I would now happily remain at the table while it was being cleared [ ... ] I sought to find again in reality, I cherished as though for their poetic beauty, the broken gestures of the knives still lying across one another, the swollen convexity [la rondeur bombee] of a discarded napkin [ ... ] the promenade of the antiquated chairs that came twice daily to take their place round the white cloth spread on the table as on an altar at which were celebrated the feasts of gourmandise, and where in the hollows of the oyster-shells a few drops of lustral water had remained as in tiny stone baptismal fonts. (IF 2: 224; 2:519)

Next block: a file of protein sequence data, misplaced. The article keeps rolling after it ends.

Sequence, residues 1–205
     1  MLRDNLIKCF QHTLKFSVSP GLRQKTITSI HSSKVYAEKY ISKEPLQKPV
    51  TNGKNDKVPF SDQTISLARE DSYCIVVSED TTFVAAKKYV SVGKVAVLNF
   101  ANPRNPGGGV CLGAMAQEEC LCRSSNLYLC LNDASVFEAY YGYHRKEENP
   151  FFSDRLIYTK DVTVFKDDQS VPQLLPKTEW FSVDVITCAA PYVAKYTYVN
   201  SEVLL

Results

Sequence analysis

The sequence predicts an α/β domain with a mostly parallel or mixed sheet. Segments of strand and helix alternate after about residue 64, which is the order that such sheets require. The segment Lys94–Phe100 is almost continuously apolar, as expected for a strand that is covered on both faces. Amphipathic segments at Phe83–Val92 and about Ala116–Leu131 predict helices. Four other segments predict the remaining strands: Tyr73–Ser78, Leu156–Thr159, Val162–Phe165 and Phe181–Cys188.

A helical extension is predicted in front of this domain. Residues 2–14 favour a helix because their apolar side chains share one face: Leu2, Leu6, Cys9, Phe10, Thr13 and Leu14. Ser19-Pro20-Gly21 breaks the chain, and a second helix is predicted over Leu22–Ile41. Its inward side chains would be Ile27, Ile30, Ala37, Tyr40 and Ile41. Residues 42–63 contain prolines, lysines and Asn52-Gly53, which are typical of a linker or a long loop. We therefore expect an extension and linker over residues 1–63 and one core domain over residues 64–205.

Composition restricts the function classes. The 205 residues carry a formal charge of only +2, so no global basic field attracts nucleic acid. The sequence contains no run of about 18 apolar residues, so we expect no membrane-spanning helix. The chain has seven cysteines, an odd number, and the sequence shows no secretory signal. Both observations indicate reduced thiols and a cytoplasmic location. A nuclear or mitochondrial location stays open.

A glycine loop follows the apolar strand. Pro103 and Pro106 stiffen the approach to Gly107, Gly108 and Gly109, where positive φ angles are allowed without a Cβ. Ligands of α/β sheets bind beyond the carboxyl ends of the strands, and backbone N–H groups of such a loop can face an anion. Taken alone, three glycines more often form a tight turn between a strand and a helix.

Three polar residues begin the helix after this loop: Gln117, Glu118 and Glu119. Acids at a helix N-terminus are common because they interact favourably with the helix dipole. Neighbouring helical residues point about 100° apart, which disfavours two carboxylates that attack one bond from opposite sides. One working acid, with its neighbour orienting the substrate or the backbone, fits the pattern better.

Granted, the shells, and not the flesh are recalled. Common sense, however, would indicate that if the shells are left empty on the table, the flesh has been eaten. And who would have eaten it but the very person who is addressing us?